The Meaning of Patriotism and Honoring our Nation’s Fallen on Memorial Day

New Bern National Cemetery

Some people think Memorial Day is a day to thank active duty, veterans, and retirees for their service. It’s not. To many, it’s a solemn day of remembrance of their fallen brothers and sisters who deserve to be recognized as they paid the ultimate sacrifice for our freedoms.

This Memorial Day let’s remember our loved ones and so many people who died for the freedoms that we have as Americans.

After serving almost 22 years as a Navy Hospital Corpsman, I’ve seen the light leave the eyes of fellow Sailors and Marines. My brother died when he was 24 while serving in the Army. They died protecting our freedoms. I believe they would expect more from Americans if they could see what’s happening in our Country today. We need to do better…if not for them, for ourselves and future generations.

The military was my second family – made up of people from all walks of life: races, religious beliefs, cultures…our differences were what made us stronger and united together. No matter where we served in the World, we relied on each other to have each other’s backs. Unity was vital to our mission. We followed rules because they were the foundation for successful missions. Sure, there were personal issues, but we worked through them and if we couldn’t, we at least agreed to disagree and we moved on to complete the mission.

We were taught that if there was a problem, don’t complain about it, come up with a solution.

During difficult, high stress environments, and/or life-threatening times, there was no time for arguing, self-pity, nor privilege or bluster. We did our job as a well oiled machine.

These are problems that are dividing our Country today. I think the biggest one is not listening or even caring to hear what others believe. Depending on where you get your news it may be totally opposite from the true story. It’s very important that we check our facts, especially when we see news alerts from social media platforms.

We will never find solutions to problems by alienating each other and not having face-to-face conversations with people who may not understand our points of view. We need to find common ground.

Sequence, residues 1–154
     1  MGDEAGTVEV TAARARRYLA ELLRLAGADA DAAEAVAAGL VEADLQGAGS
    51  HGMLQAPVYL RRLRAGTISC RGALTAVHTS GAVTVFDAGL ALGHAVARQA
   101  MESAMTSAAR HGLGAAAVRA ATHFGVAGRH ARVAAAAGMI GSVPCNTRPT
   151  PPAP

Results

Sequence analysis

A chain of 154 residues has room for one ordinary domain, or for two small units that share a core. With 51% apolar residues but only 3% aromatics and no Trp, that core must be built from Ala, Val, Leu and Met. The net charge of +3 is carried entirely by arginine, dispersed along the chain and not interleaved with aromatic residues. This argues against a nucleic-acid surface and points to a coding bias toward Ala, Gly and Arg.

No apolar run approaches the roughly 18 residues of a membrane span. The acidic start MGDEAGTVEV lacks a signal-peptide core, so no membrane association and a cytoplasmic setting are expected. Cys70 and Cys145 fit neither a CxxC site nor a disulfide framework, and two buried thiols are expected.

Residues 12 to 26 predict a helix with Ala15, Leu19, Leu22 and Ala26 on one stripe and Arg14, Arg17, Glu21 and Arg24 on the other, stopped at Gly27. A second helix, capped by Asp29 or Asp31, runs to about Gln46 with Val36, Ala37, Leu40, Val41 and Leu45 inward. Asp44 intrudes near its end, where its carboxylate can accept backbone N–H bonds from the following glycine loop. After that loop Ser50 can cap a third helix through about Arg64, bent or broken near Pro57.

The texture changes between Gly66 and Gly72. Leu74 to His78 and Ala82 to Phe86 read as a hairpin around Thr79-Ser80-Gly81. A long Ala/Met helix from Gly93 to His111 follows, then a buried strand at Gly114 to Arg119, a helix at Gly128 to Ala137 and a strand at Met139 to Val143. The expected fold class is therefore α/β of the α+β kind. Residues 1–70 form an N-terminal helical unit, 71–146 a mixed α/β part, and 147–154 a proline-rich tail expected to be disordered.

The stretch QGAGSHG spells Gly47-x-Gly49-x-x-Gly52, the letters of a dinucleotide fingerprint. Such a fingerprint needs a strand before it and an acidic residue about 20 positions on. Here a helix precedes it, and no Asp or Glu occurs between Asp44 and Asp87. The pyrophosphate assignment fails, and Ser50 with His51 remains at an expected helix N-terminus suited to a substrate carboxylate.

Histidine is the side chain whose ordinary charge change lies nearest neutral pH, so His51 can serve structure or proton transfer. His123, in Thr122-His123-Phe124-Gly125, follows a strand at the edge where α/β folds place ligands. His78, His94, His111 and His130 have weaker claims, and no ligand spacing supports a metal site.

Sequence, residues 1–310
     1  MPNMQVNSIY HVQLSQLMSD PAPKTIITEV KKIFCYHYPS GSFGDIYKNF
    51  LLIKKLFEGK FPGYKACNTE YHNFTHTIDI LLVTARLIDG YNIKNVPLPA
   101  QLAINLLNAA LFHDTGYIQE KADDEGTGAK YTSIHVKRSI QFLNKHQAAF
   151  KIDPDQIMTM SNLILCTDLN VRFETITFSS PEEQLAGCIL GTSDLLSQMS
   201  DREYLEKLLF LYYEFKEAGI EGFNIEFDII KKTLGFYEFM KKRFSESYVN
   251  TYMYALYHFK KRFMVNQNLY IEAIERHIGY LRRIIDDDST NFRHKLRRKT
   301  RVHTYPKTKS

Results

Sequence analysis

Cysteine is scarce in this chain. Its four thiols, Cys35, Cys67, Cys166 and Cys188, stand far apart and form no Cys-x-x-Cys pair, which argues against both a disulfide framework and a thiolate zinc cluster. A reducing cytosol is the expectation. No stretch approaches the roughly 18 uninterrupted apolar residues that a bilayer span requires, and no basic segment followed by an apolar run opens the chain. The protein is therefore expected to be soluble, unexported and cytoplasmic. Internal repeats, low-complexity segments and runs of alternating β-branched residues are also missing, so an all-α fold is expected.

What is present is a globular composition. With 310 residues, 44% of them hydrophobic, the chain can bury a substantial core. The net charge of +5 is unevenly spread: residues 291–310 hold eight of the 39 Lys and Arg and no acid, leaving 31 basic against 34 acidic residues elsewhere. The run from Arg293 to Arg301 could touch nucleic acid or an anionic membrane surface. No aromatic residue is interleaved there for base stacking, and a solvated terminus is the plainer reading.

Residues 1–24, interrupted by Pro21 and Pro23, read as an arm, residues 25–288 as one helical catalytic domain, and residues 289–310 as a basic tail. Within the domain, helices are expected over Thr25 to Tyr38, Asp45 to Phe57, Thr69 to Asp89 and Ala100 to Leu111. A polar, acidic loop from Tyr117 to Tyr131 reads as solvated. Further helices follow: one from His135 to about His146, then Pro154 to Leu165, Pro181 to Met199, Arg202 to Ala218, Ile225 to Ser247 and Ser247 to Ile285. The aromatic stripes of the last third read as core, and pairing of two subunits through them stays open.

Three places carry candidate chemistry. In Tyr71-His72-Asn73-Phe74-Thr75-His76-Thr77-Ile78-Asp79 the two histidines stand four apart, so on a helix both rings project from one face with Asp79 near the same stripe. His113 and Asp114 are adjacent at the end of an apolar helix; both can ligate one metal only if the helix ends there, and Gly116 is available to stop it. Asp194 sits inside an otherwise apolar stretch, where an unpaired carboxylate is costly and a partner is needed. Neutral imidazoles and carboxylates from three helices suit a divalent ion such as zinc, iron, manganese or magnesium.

It’s about standing up for what is right vs. what you’re friends or your political party believe is right. We need to think for ourselves.

Everyone who joins the military has one thing in common, they must swear-in by repeating the enlisted or officer Oath.

If you haven’t had the honor to serve, this is “The Oath of enlistment is something that every service member must promise and adhere to for his/her entire military career. From the Oath, you can see that you will be defending the Constitution – not a person. Discipline and accepting orders is sworn to. Finally, you vow to face the UCMJ (Uniform Code of Military Justice) should any disputes arise. The Oath of Enlistment (for enlisted): “I, _____, do solemnly swear (or affirm) that I will support and defend the Constitution of the United States against all enemies, foreign and domestic; that I will bear true faith and allegiance to the same; and that I will obey the orders of the President of the United States and the orders of the officers appointed over me, according to regulations and the Uniform Code of Military Justice. So help me God.” The Oath of Office (for officers): “I, _____ (SSAN), having been appointed an officer in the _____ (Military Branch) of the United States, as indicated above in the grade of _____ do solemnly swear (or affirm) that I will support and defend the Constitution of the United States against all enemies, foreign or domestic, that I will bear true faith and allegiance to the same; that I take this obligation freely, without any mental reservations or purpose of evasion; and that I will well and faithfully discharge the duties of the office upon which I am about to enter; So help me God.” Before you raise your right hand, make sure you understand what you are swearing or attesting to.  The oath of enlistment should not be taken lightly, you will be bound by it for the next 4 to 6 years at a minimum.”

Let Memorial Day 2019 be the restart to our way of thinking about respecting and listening to others, as our Nations fallen service members did before they died for our Country.

We are the United States pf America and it’s time for all of us to stop wishing we had more of whatever you feel you’re entitled to. Although our military has been underpaid, I haven’t met a service member who felt “entitled” when they signed the contract that could put them in harm’s way and possibly lead to their death as they were proud to serve!

Although you may not have served, there’s no reason why you can’t follow their example by being a Patriot for our Country and standing up for the right thing do so.

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Wendy Card